Should you have a renting inventory?
Published 24 April 2016
A renting inventory could help you with any landlord disputes.
When you’re moving into a rented property, you’re probably not planning for the day you leave. But you will move out eventually so make sure you protect yourself against any disputes with your landlord.
If you have an inventory, this can help if your landlord disagrees about the state of the property when you move out. Your landlord or letting agent should give you an inventory when you move in. But if they don’t do this, should you make one yourself? Let’s take a look at the benefits of a renting inventory and how you can agree one with your landlord.
Why you need an inventory
In case you don’t know, a renting inventory is a list of everything in your property when you move in. This includes any contents like furniture, appliances and curtains.
Your renting inventory should also describe the condition that the property and its contents are in, so if there’s any marks on the walls or if any of the doors are broken.
An inventory can help protect you when you move out because it proves the state your property was in when you first moved in. So if your landlord claims you scratched the paintwork and keeps some money back from your deposit for this, you wouldn’t have any protection without an inventory.
However, an inventory will also show things that weren’t broken before you moved in, so if you damage something while you’re living there, your landlord will see this from the inventory.
Putting an inventory together
Your landlord or letting agent should give you an inventory when you move in. If they don’t, you should ask for one. Make sure you check the inventory thoroughly before you sign it and add anything that’s not mentioned.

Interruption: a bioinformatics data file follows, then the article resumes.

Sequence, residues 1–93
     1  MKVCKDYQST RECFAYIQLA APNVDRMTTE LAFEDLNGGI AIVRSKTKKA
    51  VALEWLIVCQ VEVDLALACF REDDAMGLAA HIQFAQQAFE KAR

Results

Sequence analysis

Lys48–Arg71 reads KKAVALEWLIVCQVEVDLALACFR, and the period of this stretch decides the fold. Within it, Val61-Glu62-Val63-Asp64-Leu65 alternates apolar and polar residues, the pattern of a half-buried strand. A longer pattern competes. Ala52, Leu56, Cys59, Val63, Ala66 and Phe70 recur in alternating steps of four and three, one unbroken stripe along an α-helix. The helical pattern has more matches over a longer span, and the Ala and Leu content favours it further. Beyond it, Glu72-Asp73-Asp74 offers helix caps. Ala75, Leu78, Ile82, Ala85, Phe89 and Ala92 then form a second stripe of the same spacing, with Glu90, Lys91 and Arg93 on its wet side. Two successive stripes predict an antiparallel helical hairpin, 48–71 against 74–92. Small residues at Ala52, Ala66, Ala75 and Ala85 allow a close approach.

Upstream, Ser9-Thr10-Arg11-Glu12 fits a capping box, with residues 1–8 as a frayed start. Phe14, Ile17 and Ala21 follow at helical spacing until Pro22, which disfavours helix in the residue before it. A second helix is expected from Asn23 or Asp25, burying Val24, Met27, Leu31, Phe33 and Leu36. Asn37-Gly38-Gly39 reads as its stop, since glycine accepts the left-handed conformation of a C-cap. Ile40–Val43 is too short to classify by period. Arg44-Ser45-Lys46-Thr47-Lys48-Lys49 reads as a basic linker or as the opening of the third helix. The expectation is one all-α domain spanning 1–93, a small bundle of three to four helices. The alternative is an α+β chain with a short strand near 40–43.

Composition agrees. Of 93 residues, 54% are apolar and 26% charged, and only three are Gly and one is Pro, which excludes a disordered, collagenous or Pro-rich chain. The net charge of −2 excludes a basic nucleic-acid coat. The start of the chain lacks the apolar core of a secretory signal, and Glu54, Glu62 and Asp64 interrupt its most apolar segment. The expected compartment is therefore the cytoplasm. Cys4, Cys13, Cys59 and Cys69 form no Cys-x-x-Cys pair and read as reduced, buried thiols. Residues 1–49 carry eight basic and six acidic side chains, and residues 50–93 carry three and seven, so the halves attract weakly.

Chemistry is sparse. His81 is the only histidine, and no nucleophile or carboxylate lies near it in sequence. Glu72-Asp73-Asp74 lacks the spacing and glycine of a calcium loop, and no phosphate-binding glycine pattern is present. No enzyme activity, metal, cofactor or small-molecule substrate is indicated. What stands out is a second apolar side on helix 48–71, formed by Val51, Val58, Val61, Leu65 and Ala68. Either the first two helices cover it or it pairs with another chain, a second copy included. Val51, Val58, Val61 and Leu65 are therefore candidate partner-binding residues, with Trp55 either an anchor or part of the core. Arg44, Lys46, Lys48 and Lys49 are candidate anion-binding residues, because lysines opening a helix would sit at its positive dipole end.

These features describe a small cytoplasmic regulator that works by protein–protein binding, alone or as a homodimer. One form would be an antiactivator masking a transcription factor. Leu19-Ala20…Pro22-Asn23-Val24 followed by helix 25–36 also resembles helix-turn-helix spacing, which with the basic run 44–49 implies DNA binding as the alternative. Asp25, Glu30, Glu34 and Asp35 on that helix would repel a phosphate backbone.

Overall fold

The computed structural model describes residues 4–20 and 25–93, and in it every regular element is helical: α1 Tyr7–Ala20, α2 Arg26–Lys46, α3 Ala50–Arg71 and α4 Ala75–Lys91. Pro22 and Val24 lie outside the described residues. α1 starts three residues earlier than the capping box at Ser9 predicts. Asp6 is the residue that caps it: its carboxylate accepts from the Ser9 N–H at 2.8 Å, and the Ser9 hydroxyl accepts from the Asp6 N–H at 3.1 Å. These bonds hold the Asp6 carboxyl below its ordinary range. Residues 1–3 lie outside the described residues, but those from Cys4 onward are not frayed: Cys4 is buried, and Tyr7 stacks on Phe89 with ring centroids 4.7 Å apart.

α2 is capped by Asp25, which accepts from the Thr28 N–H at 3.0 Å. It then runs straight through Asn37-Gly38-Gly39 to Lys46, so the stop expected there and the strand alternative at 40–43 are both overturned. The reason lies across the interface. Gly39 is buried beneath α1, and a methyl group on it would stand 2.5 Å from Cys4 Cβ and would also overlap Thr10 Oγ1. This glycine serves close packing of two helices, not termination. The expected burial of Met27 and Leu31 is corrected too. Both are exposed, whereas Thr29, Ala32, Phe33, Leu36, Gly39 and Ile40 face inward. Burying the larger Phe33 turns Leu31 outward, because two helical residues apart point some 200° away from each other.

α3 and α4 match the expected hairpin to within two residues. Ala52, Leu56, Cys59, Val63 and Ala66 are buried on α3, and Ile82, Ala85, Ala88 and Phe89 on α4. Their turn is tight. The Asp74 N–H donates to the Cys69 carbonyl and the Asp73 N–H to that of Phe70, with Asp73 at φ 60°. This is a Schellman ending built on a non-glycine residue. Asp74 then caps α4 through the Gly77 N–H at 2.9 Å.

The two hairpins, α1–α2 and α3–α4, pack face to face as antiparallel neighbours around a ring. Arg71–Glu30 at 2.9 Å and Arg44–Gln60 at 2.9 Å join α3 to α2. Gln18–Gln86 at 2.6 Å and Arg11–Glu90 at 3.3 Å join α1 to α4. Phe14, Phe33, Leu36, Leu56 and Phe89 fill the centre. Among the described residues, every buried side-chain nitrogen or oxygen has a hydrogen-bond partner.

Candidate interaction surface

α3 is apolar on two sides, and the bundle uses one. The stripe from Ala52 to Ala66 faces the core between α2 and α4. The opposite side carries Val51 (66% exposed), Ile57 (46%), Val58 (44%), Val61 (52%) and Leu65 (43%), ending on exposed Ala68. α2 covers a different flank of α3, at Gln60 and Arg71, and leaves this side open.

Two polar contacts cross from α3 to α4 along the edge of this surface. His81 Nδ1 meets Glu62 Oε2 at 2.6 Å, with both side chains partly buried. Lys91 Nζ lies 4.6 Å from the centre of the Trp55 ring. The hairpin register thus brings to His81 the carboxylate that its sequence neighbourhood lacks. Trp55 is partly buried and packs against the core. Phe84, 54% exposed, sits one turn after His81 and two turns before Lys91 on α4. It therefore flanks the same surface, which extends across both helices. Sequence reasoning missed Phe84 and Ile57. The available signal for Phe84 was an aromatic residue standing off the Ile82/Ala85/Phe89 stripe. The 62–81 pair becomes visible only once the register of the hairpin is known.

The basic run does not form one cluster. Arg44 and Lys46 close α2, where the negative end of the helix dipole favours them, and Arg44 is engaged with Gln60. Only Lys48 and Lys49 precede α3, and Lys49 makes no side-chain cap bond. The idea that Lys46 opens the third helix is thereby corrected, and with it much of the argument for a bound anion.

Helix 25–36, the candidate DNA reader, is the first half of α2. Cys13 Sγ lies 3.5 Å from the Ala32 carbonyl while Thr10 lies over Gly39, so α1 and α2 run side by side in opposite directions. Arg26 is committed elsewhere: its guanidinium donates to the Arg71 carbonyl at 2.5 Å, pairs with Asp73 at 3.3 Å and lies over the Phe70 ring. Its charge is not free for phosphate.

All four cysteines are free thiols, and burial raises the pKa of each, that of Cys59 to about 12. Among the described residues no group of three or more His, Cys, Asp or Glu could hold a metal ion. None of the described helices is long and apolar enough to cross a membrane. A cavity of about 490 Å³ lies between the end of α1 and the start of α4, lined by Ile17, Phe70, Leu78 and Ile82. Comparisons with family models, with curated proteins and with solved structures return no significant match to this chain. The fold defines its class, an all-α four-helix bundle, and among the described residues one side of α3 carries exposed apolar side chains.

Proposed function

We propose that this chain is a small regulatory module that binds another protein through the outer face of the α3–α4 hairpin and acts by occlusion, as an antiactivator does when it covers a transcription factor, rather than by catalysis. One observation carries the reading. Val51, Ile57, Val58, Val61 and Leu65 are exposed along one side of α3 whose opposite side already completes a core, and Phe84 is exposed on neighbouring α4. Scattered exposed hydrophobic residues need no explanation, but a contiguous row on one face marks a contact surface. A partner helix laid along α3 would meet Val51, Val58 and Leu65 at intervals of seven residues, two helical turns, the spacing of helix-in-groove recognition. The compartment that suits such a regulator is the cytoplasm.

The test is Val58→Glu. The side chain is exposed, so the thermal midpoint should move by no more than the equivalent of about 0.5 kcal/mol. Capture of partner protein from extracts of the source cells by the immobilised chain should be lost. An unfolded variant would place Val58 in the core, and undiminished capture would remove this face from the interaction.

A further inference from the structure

You can also make an inventory yourself if your landlord or letting agent doesn’t have one. Start by making a list of any furnishings or appliances already in your flat when you moved in. If your flat came furnished, this will be quite a long list but if it was unfurnished, it will probably just be white goods.
Write down the state that your property is in, making note of anything that’s damaged or broken. This includes if there’s any scuffs on the floor, any peeling paint on the walls or any doors that don’t shut properly. Taking photos of any damage to include in your inventory is even better.
Get an independent witness to sign your inventory – this means someone who doesn’t live in the property. Send a copy of the inventory to your landlord and keep a copy yourself. You should also ask your landlord to confirm that they’ve received your inventory so they don’t later claim you never sent it.
If you’re having problems getting your deposit back, read our blog on how to reclaim your rental deposit.